Chris Randle 「Size Matters: An Interview With Anne Ishii」

Posted on December 31, 2014 commentaires
Anne Ishii & Graham Kolbeins

In『Our Lady of the Flowers』, Jean Genet posited: “A man who fucks a man is twice a man.” His bluntness invites multiple interpretations – is the man becoming engorged, or dissolved? Gengoroh Tagame’s intense, sadomasochistic porn comics test that hypothesis to extremes, as if trying to break maleness itself. The book designer Chip Kidd discovered them during a trip to Japan in 2001. This was gay manga, but not the yaoi or “boys’ love” most familiar in North America, with its epicene beauties primarily drawn and read by women. (The female counterpart is called yuri.) Butch-looking, often hairy, the men had precise taxonomies of size, from gacchiri (muscular) to gachimuchi (muscle-curvy) to debu (fat).

Kidd’s initial entreaties went unanswered, but some time later, working with Graham Kolbeins and Anne Ishii – a former colleague at the publisher Vertical – he tracked Tagame down. When the first authorized English-language collection of his comics came out last year, co-edited by that trio,『The Passion of Gengoroh Tagame』was quite literally bound inside the Japanese wrapping called an obi.

Tagame is a touchstone for the subgenre sometimes known as bara, both through his own work – he helped found the influential magazine『G-men』two decades ago – and his efforts to preserve the history of Japanese gay art, which flourished in ancient forms before the Meiji regime strove to modernize such “barbarism” out of existence. In their new companion anthology『Massive』, the editors give some context to his fellow cartoonists: the gender-norm-mocking gag comics of Kumada Poohsuke, Gai Mizuki’s porny fantasies, Jiraiya’s hyperreal beefcake.

I wanted to interview Ishii about it ever since Tagame guessed his fanbase might be half female – his earliest comics were published in the yaoi magazine『June』, a name punning on Jean Genet’s. Why can’t gay manga for men be for women too? As Tagame chuckled to me last year: “I actually really love taking, you know, the guy who says ‘I’m a real man!’ and saying to him: ‘Maybe you’re a woman.’”

Do you remember the first time you encountered the kind of material in『Massive』?

Yeah, absolutely. I mean, it began with Gengoroh Tagame’s work, which I was translating for Chip Kidd a million years ago. That was my entree. And then from there it was just other people who were fans of other artists, meeting people like Graham [Kolbeins]. I guess the first person after that was Jiraiya, and actually Kazuhide Ichikawa, mostly because he speaks English and is pretty prolific online, he was easy to find. And then a lot of the other artists we found through more research, but Tagame was my first.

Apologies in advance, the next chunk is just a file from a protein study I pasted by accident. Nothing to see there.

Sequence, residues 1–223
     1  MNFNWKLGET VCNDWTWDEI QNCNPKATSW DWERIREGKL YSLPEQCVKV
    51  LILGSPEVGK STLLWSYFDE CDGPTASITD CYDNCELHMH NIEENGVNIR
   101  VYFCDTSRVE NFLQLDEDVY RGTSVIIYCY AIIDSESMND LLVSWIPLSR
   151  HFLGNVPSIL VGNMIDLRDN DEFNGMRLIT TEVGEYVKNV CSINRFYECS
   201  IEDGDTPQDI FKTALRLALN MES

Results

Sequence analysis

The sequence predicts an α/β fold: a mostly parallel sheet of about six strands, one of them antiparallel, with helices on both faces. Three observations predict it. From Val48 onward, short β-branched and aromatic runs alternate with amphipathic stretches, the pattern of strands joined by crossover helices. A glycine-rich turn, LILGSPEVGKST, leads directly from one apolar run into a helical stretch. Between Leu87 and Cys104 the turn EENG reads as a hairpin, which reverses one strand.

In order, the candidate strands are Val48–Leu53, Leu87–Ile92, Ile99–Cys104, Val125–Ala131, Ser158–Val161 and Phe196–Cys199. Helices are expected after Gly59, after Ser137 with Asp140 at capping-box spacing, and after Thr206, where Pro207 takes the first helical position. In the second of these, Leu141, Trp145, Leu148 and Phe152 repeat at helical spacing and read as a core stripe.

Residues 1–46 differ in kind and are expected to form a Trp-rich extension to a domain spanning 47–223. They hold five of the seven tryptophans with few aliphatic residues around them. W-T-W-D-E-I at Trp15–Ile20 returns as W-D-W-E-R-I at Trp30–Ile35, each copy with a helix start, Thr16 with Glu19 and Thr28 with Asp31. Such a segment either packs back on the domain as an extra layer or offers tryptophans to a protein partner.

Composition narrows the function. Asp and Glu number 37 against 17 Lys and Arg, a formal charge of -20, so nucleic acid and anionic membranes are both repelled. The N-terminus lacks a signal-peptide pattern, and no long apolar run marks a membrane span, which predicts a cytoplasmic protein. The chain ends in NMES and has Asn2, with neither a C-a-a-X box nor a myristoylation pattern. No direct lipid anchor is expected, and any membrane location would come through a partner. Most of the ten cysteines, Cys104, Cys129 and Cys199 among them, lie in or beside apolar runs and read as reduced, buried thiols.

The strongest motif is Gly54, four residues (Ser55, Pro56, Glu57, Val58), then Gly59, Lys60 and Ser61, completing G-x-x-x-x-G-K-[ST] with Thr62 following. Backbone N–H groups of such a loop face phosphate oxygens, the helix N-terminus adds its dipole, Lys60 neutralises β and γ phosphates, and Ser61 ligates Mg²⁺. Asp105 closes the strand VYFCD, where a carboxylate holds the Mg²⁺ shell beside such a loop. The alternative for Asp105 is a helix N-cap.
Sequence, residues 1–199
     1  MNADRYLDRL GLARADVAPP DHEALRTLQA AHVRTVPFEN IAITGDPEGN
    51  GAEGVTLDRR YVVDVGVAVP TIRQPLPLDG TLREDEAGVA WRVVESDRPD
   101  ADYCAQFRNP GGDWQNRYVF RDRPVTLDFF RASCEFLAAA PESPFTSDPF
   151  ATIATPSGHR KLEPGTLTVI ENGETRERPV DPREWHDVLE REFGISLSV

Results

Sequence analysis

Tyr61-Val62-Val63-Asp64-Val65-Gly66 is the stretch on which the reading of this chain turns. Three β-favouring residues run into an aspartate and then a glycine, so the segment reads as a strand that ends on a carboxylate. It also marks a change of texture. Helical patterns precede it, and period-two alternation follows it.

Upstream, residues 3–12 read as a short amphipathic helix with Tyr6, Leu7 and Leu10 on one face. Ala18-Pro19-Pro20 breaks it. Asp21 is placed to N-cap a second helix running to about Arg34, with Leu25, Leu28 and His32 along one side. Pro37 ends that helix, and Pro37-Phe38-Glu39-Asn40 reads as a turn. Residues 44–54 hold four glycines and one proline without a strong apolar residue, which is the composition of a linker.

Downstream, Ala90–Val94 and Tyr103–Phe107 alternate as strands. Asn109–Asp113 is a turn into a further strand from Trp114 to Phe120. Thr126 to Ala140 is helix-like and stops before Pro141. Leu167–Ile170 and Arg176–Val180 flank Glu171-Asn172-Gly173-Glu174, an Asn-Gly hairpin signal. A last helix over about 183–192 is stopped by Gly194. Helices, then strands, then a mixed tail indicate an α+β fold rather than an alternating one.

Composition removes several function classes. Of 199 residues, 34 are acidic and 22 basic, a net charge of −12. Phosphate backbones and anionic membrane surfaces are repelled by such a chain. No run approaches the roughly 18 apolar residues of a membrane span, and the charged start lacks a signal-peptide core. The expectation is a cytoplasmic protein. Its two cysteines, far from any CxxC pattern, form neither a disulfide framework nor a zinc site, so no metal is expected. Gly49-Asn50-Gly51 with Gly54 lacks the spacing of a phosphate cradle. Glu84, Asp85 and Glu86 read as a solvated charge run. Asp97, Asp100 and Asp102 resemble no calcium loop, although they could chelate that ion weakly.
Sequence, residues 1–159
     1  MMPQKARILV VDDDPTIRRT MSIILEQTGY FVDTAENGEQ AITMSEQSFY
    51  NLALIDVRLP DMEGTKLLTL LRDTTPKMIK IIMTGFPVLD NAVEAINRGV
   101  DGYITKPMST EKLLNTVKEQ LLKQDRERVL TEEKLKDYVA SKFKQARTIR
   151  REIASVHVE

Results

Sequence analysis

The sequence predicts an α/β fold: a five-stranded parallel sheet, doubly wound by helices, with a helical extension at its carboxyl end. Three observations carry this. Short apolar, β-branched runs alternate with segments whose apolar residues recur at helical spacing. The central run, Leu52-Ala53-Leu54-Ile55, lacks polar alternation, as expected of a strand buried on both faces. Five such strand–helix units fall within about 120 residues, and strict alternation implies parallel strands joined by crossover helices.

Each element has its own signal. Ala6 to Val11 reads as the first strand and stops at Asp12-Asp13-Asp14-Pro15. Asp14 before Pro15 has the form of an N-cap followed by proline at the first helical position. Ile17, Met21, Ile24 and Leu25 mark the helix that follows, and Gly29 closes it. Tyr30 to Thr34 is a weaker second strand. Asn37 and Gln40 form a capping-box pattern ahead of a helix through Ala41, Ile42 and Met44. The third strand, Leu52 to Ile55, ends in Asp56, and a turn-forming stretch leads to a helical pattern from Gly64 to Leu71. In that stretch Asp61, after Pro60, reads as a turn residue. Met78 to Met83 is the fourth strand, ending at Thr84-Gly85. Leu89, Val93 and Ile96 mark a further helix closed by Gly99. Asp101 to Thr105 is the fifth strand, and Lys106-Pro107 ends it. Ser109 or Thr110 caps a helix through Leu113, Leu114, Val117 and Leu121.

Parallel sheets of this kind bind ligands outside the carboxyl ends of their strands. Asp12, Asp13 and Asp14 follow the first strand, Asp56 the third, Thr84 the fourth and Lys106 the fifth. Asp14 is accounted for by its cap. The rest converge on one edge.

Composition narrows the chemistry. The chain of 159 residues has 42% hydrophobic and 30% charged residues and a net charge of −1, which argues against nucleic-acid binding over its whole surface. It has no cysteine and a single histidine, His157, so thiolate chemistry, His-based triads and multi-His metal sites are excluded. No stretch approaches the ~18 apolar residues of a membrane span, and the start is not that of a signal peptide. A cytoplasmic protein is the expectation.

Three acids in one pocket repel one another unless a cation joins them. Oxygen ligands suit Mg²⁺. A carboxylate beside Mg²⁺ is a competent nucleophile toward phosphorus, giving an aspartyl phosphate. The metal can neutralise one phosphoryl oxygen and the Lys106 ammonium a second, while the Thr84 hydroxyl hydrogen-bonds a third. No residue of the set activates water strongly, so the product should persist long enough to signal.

What was your reaction to it at the time?

Well, with Tagame’s work, my first reaction was “what the fuck am I looking at,” because it was so outrageous [laughs]. I guess it started when Chip showed me his books, so I have to say it was not as shocking as all that, because there was actual narrative and it was packaged in a nice way. But I followed to the cookie crumbs to his website, and then I found his illustrations, which were just so extreme. So there’s a bit of shock and delight in all of it, but then because I was translating it wasn’t so much my reaction as – how do I interpret this, how do I translate it? And that was interesting, learning a lot of that language.

Had you been a reader of yaoi or anything like that at all before then?

No, that’s the funny thing – I have to say, as far as my tastes in manga run, it’s definitely not – I’m not really a shojo reader in general and I wasn’t reading any yaoi or BL ever. So I was totally unfamiliar with what we call slash fiction here, or over there the interpretative doujinshi market. I didn’t know anything about that until pretty recently. My initiation into a lot of manga is not as a reader but a translator.

Can you tell me about the process of selecting and tracking down all these different artists? Some of them are very private about their personal lives. Did you have any mysterious Deep-Throat-style meetings?

[laughs] It’s not that cloak-and-dagger. The privacy issues that a lot of our artists have aren’t about getting exposure, just protecting their personal identities. They love the exposure for their work – actually, almost all of them are online and have active personas on Twitter and on blogs and Pixiv and things like that. Half of them actually sell their stuff online. I think they’re glad about the exposure, but partly it’s a language barrier and partly it’s about protecting their identities. As far as the process of finding and selecting them, we cast a pretty wide net across the field of gay artists.